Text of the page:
Ballygowan Flute Band

Ballygown Flute Band dated around 1880

Ballygowan Flute Band was formed during 1876 by a group of local young men, with George McVeigh, one of the founder members, taking responsibility of teaching and getting the band up and running. By 1900 the band purchased a piece of land at the edge of a quarry hole, and so the first half of the band hall was built and then completed during 1935.

The first conductor, from outside the members, was a gentleman from Newtownards named Alec Belshaw, around 1902. The band rehearsed on Saturday night, so Mr. Belshaw got a train from Newtownards to Comber, then changed to a train from Comber to Ballygowan. With rehearsal completed, he walked two and a half miles to the ‘Hill Top’ farm of the late Mr. Harry Carse, and stayed overnight, and then walked home to Newtownards on Sunday, a further six and a half miles! The late Sam Haliday from the Ravenhill Road was the next conductor, but he was more fortunate, as he could get the train from Belfast, stay overnight in Ballygowan, and then get the return train on Sunday.

During the 1920s, a young family by the name of Douglas had joined Ballygowan Flute Band, and these young boys as they were then, were to transform the band by their ability as musicians, and enthusiasm over the next sixty or more years. The late Harry Gillespie has been appointed as Band Master and with Richard (Dick) – piccolo, George – melody, Robert – bass and Jim Douglas – drum, Mr Gillespie had a foundation to build a band around.

Ballygowan Flute Band in the 1960s

Ballygowan band is very much family orientated, with many sons and now even daughters following father, once in there is no getting out. One member was heard to say that if you left, or failed to attend practice, the water to your home was cut off. This is why over the years no less that 15 members have received the 50 years service medal from the Flute Band League, (Over 650 years service and counting). During 1957, the late Richard Douglas (Dick to his legion of friends) became conductor, and two years later won the march contest at the Oval Football Ground with 98 points out of 100. The march played being ‘Allied Banners’.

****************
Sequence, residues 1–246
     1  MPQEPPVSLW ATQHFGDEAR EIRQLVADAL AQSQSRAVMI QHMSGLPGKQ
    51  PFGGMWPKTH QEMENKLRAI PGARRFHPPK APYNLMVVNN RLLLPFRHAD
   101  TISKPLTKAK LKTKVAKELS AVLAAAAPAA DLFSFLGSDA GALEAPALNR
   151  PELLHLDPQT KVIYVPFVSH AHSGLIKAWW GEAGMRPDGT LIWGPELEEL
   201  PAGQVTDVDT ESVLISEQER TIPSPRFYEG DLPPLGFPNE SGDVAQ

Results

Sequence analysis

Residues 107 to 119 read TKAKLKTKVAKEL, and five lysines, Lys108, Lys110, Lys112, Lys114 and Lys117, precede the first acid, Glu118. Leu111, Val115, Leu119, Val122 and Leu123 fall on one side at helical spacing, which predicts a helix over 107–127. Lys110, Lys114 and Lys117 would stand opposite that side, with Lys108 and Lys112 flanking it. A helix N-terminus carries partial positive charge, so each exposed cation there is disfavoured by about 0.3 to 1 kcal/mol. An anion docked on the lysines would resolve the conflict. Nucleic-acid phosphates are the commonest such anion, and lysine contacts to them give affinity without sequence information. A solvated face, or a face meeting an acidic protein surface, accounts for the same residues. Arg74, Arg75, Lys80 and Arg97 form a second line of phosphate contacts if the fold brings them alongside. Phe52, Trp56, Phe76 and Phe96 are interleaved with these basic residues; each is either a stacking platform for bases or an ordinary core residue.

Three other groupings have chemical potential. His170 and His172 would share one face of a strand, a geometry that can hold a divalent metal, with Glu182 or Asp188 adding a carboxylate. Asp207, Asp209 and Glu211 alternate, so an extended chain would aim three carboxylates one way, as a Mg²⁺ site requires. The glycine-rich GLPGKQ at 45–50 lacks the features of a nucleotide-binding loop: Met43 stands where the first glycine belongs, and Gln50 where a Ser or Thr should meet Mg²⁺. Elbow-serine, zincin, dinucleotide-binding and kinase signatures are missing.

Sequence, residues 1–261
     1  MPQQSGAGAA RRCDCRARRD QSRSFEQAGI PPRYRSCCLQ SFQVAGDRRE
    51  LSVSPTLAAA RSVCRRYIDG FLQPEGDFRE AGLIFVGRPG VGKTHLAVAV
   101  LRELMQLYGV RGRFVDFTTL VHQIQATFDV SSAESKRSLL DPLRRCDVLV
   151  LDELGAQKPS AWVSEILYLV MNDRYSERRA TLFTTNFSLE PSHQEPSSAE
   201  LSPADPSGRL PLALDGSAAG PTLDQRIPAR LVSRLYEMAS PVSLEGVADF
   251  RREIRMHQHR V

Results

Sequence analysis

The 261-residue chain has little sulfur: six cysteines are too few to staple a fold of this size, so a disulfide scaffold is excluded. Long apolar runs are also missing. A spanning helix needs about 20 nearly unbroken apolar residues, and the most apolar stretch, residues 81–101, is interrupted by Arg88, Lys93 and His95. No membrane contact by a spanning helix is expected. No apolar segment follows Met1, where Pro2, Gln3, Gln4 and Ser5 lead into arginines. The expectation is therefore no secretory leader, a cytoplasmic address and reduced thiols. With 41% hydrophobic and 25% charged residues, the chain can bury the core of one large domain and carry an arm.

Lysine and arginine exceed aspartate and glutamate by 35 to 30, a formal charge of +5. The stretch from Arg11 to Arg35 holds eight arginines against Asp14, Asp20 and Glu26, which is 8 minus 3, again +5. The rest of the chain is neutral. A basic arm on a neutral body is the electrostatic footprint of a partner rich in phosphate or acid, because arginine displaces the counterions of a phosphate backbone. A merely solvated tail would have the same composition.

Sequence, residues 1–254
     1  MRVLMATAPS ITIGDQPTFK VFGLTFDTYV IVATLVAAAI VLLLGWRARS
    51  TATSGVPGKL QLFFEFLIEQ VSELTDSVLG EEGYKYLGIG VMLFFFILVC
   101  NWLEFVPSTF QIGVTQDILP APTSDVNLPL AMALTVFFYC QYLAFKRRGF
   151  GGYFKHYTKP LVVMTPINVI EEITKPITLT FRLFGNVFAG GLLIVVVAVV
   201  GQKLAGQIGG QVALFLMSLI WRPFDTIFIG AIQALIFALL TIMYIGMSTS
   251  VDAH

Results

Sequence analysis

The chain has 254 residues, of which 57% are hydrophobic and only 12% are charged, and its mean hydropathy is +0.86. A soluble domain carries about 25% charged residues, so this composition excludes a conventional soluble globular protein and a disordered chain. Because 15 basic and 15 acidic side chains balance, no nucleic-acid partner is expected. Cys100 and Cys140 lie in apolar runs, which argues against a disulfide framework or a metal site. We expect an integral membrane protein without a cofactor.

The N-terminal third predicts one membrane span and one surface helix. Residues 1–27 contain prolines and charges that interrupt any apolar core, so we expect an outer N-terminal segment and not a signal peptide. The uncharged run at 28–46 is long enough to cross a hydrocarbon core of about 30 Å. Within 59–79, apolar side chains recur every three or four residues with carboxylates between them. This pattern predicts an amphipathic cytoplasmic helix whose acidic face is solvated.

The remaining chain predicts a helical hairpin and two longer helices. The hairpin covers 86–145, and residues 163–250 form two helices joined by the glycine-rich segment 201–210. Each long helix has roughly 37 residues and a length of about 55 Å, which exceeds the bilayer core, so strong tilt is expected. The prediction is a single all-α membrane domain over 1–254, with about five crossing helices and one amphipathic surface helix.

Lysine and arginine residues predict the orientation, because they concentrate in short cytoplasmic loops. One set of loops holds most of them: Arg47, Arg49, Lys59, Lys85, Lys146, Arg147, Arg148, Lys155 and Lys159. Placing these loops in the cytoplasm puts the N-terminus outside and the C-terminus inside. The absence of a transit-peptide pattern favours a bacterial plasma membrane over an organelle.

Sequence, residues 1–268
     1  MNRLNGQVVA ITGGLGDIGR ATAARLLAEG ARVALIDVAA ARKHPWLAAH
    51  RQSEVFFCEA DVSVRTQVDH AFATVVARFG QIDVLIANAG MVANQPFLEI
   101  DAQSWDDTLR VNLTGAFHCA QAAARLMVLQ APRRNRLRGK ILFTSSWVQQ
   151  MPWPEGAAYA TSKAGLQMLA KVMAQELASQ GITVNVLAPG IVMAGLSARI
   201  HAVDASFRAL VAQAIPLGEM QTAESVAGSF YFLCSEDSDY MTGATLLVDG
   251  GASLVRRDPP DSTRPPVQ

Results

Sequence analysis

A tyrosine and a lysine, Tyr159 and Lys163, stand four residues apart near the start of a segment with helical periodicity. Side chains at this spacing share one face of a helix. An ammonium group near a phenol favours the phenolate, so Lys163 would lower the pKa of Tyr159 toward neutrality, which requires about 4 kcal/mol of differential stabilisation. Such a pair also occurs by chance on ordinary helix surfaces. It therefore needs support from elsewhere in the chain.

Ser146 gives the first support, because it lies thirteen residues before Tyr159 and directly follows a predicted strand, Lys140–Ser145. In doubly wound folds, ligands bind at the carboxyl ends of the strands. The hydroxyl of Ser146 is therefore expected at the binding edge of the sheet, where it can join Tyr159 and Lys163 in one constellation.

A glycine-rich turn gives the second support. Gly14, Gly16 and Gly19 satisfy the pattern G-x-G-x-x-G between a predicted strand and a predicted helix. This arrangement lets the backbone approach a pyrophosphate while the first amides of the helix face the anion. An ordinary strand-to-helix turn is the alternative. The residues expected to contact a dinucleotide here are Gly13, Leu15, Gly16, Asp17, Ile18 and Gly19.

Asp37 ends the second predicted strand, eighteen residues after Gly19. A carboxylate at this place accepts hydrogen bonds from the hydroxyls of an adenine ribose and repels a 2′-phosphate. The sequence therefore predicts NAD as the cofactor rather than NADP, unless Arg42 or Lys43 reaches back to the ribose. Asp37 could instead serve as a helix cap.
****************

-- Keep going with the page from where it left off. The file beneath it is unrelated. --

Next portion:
The real success commenced as runners up in the World Championship to Ballyclare in both 1988 and 1989. At the Flute Band League Contest at Bangor 24th February 1990 Ballygowan won the Senior Grade, Mr Houston being the conductor. That year saw Ballygowan’s first success in the N.I.B.A. World Championship contest, with Caroline Weir (now Watson) in charge of the baton. Further success was to follow winning the World Championship again in 1992, 1993, 1996, 1999, 2000. 2005, 2009, 2011, 2012, 2013. 2014, 2017, and 2018.

Indeed the band members were not to know in 1988 that they had started a thirty-one year unbroken series of BBC radio broadcasts as a result of performances at the world championship, which included twelve firsts and fourteen runner-up spots.

The story in the Flute Band Association’s Annual Own Choice Competition was much the same, and that first 1990 success was one of 7 wins in the 1990s with a further 13 wins since and six runners-up spots.

The year 1996 (the 120th anniversary of the formation) was the most successful, as every conceivable prize throughout the year at each and every competition was won by Ballygowan. Playing, Entertainment, Percussion and Interpretation (where relevant) were all awarded to the band in each of the individual competitions. Dr. Windsor Hylands was the musical director during this most successful period.

For more information visit:

%d bloggers like this: